With COVID-19 running strong and heavy, a lot of us have jumped in the spring cleaning mode to keep ourselves busy being on house arrest. With dental practices closed there are a lot of items in our dental offices, and the list of supplies can be overwhelming. The question is: who is in charge of keeping the inventory under control? As a team member, you would like all the pieces in place when you start the day and our lives all return back to normal when practices are back and running again.
Find a Point of Person for Ordering
Who is the point person for ordering in your office? Who should order which supplies? There should not be any blame game going on. You never want to be caught in the middle with team members, with one thinking the other is responsible for inventory control and supply purchase.
The dental office usually works on a teamwork model. As there is a place for everything and everything has its place, there is a role for everyone and those roles may be interchangeable or reliant on others for support. Inventory control involves communication between all team members; it’s not merely one assistant’s responsibility. Establishing a routine of inventory control allows it to be reviewed periodically during the month. This should definitely be part of a job description. Although everyone should be knowledgeable about the products they routinely use, a point person should do the actual supply ordering. It goes without saying that the dentist should be kept in the loop about all products ordered.
Does your office have a protocol for inventory control? Is there a standard to order? Do you have a preferred vendor list?
Have a Checklist for Ordering
Dental office manuals, which set forth policies and procedures, should have a section for inventory control. Discuss delegation responsibilities as well as protocol for ordering. Setting up an ordering system is one way to help the office run smoother, and ensures excellent communication between all team members. All items should be assessed once a year, catalogued, and included in this very important systems manual. Dental products change. Your clinician’s preference may go from sticking with the product used for 30 years, or changing with new technology each year. Regardless, it is imperative that a master list be created. This way, if a new team member is hired, he or she may check with the product catalogue and be aware of the need for each item.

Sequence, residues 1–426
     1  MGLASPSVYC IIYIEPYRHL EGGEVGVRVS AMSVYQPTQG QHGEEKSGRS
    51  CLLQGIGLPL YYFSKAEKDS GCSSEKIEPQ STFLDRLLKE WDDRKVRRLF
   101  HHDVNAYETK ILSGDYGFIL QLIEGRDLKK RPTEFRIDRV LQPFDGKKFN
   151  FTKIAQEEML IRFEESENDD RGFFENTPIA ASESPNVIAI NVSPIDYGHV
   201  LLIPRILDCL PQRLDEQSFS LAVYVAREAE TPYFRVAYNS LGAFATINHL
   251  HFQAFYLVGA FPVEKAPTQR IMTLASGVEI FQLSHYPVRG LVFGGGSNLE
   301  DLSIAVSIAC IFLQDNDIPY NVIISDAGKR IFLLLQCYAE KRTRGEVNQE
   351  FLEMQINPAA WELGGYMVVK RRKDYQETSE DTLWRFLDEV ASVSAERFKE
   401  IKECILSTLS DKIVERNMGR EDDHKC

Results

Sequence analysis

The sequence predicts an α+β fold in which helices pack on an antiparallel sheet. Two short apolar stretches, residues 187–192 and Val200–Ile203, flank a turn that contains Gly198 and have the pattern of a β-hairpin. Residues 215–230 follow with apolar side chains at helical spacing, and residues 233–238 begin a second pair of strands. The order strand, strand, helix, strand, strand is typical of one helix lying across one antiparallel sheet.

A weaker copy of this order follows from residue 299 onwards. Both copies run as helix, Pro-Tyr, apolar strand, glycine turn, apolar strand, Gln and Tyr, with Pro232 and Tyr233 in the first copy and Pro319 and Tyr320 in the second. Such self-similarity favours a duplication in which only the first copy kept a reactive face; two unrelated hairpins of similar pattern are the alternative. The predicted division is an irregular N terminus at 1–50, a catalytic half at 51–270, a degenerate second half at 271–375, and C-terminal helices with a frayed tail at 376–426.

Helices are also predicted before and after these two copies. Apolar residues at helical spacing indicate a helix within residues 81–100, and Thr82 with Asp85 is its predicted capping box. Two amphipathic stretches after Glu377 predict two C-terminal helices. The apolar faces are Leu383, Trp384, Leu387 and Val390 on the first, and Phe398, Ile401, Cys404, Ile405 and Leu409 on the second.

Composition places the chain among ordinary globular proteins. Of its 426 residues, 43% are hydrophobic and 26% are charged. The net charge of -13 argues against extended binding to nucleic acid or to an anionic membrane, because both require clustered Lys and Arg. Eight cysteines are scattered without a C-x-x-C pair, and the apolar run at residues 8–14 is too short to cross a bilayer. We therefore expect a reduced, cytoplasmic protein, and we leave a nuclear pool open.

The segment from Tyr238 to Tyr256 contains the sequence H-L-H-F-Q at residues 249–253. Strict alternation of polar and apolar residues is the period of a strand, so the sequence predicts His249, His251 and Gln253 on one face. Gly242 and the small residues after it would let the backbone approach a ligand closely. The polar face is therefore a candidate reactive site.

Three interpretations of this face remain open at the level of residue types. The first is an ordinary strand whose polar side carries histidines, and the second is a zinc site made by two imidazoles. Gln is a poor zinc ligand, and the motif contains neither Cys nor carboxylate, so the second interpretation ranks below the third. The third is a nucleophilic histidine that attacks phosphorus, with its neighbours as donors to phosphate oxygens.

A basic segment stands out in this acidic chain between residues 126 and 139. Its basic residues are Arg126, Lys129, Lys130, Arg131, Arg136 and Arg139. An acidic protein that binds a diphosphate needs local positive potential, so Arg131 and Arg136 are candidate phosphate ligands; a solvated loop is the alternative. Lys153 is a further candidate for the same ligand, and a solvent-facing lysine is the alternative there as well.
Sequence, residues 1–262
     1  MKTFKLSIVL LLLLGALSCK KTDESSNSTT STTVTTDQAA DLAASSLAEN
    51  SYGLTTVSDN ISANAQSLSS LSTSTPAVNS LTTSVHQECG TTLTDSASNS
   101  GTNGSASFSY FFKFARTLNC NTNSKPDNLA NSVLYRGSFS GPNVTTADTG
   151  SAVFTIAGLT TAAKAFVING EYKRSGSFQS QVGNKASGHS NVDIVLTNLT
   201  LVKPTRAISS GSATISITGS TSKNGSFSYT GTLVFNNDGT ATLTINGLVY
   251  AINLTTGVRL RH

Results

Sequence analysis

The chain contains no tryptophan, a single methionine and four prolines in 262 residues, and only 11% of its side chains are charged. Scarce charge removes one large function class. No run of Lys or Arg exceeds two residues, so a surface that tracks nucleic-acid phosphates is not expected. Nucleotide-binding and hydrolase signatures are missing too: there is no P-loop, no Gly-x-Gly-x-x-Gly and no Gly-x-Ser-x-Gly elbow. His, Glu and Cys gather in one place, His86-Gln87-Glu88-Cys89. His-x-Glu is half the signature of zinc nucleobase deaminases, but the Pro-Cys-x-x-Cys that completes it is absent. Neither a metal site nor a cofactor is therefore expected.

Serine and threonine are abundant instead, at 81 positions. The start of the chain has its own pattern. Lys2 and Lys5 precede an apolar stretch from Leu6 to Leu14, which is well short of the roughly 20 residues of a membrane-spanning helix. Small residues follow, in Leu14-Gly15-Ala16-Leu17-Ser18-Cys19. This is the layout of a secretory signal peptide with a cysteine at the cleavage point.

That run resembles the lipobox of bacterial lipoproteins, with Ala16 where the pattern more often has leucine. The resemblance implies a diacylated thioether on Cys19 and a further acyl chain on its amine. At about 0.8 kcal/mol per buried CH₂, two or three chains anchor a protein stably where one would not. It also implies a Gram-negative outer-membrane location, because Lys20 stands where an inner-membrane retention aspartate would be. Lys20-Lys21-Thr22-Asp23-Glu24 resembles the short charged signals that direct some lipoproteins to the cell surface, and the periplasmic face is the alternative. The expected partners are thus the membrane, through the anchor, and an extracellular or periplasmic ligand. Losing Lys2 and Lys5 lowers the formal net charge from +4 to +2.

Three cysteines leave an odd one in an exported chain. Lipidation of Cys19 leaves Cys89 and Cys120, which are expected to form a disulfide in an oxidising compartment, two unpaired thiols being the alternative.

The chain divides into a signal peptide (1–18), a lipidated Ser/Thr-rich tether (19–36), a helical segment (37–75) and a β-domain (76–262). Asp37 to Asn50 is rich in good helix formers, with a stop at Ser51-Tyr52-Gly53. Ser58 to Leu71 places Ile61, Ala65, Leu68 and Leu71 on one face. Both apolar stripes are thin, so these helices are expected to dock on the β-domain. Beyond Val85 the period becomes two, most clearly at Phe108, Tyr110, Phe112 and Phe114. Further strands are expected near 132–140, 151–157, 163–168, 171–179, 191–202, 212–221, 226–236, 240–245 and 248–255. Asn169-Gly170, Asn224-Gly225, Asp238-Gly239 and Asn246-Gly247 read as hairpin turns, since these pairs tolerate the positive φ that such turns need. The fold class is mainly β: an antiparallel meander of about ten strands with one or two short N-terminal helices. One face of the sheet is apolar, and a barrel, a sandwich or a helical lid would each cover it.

Another reason for inventory assessment is to check for expired products. We are not in charge of dental suppliers’ stockrooms. As we assume they will send us the freshest product available, we may have a short time usage for particular products. It is also useful to assess and evaluate if the clinician is using certain restoratives. Offices are only so large. It’s best to clean out supplies not used in a timely manner.
It is easier to assess the current needs and then project for future needs, rather than trying to stockpile products. As noted, some of these products come with expiration dates. Some offices are too small to store large amounts of patient napkins or paper towels, even though they don’t expire. Dental salespeople who visit our office sometimes have outstanding product offers, but we need to assess want vs. need.
Review Inventory Monthly
Once a routine is established and the correct amount is decided upon, a monthly assessment of products on hand can be easily determined. Ordering becomes easier and less stressful.
To run an efficient dental practice, we need functioning equipment and adequate supplies. Inventory control is integral to a smooth-functioning dental office. This creates a calm, flowing work environment and eliminates stress.